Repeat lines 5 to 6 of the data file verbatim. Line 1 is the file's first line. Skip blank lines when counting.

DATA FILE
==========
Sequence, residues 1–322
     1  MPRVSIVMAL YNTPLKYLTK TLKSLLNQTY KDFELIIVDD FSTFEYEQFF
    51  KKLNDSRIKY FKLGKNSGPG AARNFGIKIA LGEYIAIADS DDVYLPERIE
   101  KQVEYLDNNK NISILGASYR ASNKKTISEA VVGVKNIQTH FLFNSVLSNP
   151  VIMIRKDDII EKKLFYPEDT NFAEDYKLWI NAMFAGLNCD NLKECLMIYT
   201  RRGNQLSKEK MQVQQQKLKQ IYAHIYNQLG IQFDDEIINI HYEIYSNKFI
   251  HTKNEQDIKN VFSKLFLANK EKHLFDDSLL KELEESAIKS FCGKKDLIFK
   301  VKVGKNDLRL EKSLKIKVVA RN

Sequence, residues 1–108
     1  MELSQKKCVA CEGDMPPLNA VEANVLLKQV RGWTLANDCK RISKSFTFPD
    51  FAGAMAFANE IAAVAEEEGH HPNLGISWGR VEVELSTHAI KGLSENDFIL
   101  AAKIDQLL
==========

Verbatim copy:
   151  VIMIRKDDII EKKLFYPEDT NFAEDYKLWI NAMFAGLNCD NLKECLMIYT
   201  RRGNQLSKEK MQVQQQKLKQ IYAHIYNQLG IQFDDEIINI HYEIYSNKFI